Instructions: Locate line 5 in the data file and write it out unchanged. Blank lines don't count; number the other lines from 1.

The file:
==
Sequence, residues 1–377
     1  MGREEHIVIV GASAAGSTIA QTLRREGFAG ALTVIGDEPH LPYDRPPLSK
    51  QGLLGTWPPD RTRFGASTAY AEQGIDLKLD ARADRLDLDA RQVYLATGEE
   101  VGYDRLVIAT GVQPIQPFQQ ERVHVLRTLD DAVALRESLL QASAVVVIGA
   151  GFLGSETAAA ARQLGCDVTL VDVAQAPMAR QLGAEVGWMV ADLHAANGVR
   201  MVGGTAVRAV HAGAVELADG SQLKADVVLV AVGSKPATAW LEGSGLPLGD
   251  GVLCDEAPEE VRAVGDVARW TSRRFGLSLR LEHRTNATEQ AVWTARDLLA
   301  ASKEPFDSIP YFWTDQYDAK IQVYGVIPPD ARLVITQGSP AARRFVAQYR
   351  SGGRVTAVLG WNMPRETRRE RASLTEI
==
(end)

   151  GFLGSETAAA ARQLGCDVTL VDVAQAPMAR QLGAEVGWMV ADLHAANGVR